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Goodbye Natsu, Hello Nagoya

It's been one week since Asanoyama was officially crowned the Grand Sumo champion for the Natsu basho. In doing so, he set a number of historical precedents. Asanoyama is the first rikishi to win a yusho without Sanyaku experience since Sadanoyama (the eventual 50th Yokozuna) in 1961, the lowest ranked riksihi to win since Takatoriki won as a Maegashira 14 at Haru 2001, and the first wrestler from his Takasago stable to win it all since former Yokozuna Asashoryu retired in scandal in 2010. Oh, and he also is the first champion of the Reiwa era, as well as the first sumotori to ever receive the President's Cup from a President of the United States.


Despite his accolades, that last bit is one of the many reasons Asanoyama's yusho will be overshadowed. As he always does, Donald Trump sucked the oxygen out of the room when he saw the last five matches at the Kokugikan on Day 15. Lines were extremely long for security and seats were removed to accommodate his presence. It didn't matter that much, because Day 15 was after the climax of the tournament. With 12 wins in 14 matches, Asanoyama had the yusho sown up before anyone took the dohyo on Day 15.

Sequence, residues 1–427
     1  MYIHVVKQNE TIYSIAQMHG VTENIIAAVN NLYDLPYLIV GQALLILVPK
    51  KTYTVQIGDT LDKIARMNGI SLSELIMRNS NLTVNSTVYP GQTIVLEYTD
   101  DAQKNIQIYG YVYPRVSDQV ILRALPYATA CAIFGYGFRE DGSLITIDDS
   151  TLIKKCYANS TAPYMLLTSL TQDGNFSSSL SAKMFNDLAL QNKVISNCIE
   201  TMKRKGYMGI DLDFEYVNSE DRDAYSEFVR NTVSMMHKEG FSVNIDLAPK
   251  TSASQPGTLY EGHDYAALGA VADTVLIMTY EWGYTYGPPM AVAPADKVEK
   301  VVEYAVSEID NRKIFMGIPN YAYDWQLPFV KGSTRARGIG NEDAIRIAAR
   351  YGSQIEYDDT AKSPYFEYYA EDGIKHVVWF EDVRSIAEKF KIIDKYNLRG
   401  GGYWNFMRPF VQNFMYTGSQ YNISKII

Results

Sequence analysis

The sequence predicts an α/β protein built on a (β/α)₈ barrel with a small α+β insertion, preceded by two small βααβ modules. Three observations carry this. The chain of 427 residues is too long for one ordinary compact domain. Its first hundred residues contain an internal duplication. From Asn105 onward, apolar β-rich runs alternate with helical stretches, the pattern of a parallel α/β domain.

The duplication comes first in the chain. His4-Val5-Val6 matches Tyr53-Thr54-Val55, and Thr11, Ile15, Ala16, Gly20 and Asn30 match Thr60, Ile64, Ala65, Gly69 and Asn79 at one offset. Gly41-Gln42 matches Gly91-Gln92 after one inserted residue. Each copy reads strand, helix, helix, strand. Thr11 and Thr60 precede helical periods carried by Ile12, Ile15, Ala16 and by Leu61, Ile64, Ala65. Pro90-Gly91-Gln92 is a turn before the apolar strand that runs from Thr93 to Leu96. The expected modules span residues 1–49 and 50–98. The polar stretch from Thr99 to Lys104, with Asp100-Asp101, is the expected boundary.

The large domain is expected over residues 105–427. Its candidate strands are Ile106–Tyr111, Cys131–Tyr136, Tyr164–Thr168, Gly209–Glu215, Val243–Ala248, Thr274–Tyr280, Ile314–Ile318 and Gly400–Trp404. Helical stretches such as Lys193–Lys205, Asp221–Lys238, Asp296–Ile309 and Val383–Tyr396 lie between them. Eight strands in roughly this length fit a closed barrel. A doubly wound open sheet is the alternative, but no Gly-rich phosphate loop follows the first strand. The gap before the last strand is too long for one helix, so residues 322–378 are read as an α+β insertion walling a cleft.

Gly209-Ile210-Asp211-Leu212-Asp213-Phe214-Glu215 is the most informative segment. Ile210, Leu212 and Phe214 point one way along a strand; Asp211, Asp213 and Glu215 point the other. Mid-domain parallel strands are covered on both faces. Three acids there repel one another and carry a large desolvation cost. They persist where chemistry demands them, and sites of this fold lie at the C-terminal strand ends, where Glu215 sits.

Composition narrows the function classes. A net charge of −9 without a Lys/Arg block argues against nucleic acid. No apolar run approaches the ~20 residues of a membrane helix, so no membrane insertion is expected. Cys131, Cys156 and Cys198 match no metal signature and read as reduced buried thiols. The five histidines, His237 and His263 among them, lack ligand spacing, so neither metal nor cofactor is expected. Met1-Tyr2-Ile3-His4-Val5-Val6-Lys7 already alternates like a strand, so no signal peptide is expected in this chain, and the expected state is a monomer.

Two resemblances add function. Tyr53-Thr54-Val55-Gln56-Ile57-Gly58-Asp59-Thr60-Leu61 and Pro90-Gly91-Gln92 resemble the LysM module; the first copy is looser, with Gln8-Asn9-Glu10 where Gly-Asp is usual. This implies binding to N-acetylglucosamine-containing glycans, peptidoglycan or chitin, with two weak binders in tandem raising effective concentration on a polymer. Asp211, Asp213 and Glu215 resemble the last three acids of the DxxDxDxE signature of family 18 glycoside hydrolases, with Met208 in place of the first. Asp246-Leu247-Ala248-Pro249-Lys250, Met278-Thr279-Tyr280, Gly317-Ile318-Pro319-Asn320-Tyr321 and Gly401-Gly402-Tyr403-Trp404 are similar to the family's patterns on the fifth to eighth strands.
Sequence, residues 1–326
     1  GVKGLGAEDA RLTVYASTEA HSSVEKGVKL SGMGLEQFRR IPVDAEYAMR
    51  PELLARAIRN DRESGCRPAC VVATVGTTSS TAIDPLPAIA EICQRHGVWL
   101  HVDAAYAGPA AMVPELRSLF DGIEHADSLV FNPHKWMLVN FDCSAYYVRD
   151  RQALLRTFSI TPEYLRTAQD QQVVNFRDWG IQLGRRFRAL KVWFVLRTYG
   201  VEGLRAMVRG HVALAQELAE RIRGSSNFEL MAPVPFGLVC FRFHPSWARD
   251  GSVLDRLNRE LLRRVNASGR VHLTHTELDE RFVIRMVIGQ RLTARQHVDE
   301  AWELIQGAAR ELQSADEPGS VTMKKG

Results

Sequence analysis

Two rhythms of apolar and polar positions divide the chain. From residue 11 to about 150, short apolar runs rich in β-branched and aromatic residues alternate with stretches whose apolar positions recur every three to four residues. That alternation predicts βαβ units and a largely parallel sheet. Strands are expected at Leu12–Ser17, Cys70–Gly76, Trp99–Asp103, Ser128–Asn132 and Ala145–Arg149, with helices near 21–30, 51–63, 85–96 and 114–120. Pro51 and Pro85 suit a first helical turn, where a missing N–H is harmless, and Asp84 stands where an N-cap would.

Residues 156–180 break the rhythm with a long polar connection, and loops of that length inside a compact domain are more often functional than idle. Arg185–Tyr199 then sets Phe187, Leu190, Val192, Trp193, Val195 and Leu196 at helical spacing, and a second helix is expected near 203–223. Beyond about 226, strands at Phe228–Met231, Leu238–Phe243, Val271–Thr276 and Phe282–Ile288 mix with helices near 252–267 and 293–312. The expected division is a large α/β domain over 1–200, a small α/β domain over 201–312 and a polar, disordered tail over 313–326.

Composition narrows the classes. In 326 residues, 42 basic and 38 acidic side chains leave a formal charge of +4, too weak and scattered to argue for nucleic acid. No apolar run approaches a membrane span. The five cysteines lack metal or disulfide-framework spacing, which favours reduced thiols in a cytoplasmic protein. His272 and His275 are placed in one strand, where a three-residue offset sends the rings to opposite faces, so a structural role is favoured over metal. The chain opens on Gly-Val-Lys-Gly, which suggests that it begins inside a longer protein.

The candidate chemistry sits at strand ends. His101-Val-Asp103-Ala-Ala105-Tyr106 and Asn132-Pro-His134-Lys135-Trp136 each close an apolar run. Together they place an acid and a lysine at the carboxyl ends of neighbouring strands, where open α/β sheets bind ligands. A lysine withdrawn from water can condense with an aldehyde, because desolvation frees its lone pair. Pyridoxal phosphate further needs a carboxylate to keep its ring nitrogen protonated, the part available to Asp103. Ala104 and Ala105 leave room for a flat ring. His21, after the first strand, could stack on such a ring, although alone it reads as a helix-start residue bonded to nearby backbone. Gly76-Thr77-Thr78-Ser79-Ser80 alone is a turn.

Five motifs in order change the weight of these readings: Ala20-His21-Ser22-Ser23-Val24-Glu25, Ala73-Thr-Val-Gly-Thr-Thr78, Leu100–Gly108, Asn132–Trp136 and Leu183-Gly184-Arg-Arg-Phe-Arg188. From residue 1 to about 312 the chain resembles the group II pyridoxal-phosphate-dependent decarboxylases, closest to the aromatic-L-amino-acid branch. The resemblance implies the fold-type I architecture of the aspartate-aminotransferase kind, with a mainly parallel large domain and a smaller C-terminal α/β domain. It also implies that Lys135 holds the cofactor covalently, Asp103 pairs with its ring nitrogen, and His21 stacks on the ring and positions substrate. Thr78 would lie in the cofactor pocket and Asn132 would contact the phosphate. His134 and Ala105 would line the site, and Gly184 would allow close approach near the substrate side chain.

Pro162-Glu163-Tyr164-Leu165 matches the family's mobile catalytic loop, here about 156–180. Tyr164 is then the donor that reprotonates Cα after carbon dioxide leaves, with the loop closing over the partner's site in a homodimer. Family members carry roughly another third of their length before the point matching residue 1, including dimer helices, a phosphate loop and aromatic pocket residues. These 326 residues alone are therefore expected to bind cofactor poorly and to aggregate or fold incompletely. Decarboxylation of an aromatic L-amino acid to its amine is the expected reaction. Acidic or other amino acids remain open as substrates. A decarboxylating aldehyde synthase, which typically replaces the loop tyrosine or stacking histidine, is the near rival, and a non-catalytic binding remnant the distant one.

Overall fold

And those 12 wins probably will always get a mental asterisk. Most yusho require more than 12 wins, and Ichinojo got 14 wins in the previous tournament and didn't even win it all. Asanoyama had a win over Tochinoshin on Day 13 after a mono-ii review that most sumo watchers thought really should have gone to Tochinoshin. The whole basho was less than a classic.


The beauty of sumo is that it will be just a few weeks until the next tournament starts. Sumo is grueling. Even playing and following a fantasy version from halfway around the globe can be wearing, just from following a full slate of matches for 15 days straight. Imagine slamming yourself into a 350 pound man for each of those days. Now there is time for a bit of a refresher, which everyone will probably need because Nagoya is always a bit funny.


The banzuke for Nagoya will come down on June 23rd for those of us in America. In the three weeks between now and then, there will be some information on this website. In particular, there will probably be something on historical trends and bigger picture ideas. After all, what else should the time between basho be for?

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